Investigation into the Predictability of the Irish Leaving Certificate Examinations

Funder: State Examinations Commission, Ireland (£90,570); Principal Investigator: Professor Jo-Anne Baird; Collaborators: Professor Jannette Elwood (Queen’s University, Belfast), Dr Therese Hopfenbeck (OUCEA), Dr Daniel Caro (OUCEA), Dr Ayesha Ahmed (CamExam), with Ana-Maria Aricescu, Rhian Barrance, Roy Bowden, Quintin Brewer, Carol Brown, Daniel Cowling, Roger Firth, Jacqueline Gray, Steve Harrison, John Hoyes, Mary Jay, Malcolm Johnson, Jane McNicholl, Robert Miller, Aisling O’Boyle, Christine Paget, Jeanne Ryan, John Smith, Stephen Turner, Natalie Usher and Eileen Velarde; Advisory Group: Professor Richard Daugherty (Honorary Research Fellow, University of Oxford), Dr Anne Looney (NCCA), Hugh McManus (SEC), Dr Michelle Meadows (Assessment and Qualifications Alliance), Professor Roger Murphy (Honorary Research Fellow, University of Oxford), Professor Paul Newton (Institute of Education, University of London), Brid Uí Riordáin (SEC), Professor Gordon Stobart (Honorary Research Fellow, University of Oxford; Emeritus Professor, Institute of Education, University of London).

Many nations have concerns about whether their children are learning the right things, in the right way to compete in the knowledge economy of the future. These concerns arise in conceptually distinct guises which are often related in public narratives: concerns about standards, the content of the curriculum, the thinking skills being developed in the education system, preparation for work or higher education or the predictability of the examinations. It was the latter public narrative that was the focus of this research, although the underlying concerns related also to whether the Irish school examinations provoked rote learning that did not prepare students well for the future.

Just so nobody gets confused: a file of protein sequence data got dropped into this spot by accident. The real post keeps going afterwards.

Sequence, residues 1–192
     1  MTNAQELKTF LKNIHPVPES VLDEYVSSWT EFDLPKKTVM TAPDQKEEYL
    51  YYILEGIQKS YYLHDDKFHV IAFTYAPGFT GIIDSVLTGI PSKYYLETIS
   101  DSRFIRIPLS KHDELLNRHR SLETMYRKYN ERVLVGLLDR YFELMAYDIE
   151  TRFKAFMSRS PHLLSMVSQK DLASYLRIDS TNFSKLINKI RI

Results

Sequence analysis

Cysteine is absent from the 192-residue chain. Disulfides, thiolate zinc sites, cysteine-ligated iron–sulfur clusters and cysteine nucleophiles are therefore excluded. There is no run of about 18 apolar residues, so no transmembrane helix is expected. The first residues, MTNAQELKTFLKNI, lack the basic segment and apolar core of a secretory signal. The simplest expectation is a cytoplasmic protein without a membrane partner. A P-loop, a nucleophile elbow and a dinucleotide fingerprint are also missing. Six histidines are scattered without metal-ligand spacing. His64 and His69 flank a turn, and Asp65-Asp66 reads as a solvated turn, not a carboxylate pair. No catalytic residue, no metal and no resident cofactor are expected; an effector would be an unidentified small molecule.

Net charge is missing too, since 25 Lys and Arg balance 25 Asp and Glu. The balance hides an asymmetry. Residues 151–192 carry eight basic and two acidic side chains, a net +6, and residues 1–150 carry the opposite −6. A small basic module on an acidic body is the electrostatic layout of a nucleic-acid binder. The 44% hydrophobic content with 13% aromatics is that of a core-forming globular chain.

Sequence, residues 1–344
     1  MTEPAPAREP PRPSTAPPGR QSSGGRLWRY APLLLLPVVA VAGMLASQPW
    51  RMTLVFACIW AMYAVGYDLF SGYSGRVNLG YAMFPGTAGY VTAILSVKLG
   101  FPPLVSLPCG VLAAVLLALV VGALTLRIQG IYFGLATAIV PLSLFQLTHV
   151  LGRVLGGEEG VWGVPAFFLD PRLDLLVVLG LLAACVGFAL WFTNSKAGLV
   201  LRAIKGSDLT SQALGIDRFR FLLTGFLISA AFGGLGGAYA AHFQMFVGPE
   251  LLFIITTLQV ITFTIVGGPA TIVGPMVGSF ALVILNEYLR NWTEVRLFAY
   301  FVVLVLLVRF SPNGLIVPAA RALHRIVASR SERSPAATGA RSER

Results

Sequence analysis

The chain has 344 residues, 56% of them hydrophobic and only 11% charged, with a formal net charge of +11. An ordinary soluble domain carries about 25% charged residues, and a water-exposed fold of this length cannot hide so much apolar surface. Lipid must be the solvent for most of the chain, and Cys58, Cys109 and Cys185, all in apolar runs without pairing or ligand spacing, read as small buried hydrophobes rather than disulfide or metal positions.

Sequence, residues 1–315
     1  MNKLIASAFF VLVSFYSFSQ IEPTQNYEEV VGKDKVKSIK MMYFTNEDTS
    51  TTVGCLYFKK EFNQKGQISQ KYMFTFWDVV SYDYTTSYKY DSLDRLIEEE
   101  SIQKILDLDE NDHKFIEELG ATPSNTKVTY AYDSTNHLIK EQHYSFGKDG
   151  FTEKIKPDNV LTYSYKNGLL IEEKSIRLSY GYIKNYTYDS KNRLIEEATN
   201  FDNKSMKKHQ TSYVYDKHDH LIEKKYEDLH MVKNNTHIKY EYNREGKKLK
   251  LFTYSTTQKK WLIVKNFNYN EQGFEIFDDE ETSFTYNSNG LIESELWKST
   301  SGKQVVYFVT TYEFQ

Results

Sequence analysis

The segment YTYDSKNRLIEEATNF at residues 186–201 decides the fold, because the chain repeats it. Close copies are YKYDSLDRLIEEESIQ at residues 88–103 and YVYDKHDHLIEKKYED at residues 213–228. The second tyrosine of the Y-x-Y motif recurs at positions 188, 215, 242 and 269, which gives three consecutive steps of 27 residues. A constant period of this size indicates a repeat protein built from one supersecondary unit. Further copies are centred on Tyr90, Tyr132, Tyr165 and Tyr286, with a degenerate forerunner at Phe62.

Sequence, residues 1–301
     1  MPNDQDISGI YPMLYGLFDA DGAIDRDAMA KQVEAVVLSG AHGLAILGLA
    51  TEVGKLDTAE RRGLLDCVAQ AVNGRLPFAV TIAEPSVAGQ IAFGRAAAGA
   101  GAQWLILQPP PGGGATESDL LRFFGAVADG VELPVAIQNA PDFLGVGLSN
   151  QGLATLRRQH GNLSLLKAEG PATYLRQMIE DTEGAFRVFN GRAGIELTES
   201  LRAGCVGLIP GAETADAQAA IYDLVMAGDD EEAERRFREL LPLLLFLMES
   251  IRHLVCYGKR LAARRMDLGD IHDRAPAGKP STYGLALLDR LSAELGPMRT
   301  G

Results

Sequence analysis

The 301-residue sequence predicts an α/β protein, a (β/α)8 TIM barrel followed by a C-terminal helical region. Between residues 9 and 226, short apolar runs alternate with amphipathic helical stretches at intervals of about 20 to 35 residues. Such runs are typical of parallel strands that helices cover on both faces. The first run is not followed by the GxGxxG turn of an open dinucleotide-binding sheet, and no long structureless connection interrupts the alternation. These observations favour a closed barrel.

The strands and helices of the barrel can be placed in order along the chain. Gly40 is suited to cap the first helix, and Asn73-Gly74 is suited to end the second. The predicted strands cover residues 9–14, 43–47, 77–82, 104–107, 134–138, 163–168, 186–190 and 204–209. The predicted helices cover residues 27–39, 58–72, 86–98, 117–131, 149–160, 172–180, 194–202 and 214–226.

OUCEA was commissioned by the State Examinations Commission in Ireland to investigate the predictability of Irish Leaving Certificate examinations. Three studies were conducted to investigate the issues: an expert review of examinations materials in five subjects, an analysis relating students’ examination grades with their views on predictability of three examination subjects and interviews with students and teachers.

Despite the concerns in the media, we did not find that the examinations were predictable in general. We developed a scale for the evaluation of students’ perceptions of predictability, which proved to be invariant over three subject areas. We have presented some of the findings at seminars and conferences this year and are now preparing publications.

The OUCEA report, Predictability in the Irish Leaving Certificate, was published by the SEC in May 2015. The overall report is available on the SEC website, along with four working papers

This research informed the Irish government’s wider consultation on transition reforms, and the Minister for Education and Skills launched a report in April 2015 on the transition reform process.

Media coverage

Irish Times article, Leaving Certificate old fashioned, claims report, 2 May 2015 article, The Leaving Cert is not as predictable as people think…, 2 May 2015

State Examinations Commission press release, Publication of Report on Predictability in the Leaving Certificate, 2 May 2015

Department of Education and Skills, Ireland press release, Minister for Education and Skills launches Radical Reform of Leaving Certificate Grades and CAO Points System, 29 April 2015 article, New LC grade system will spark rounded learning – Govt, 29 April 2015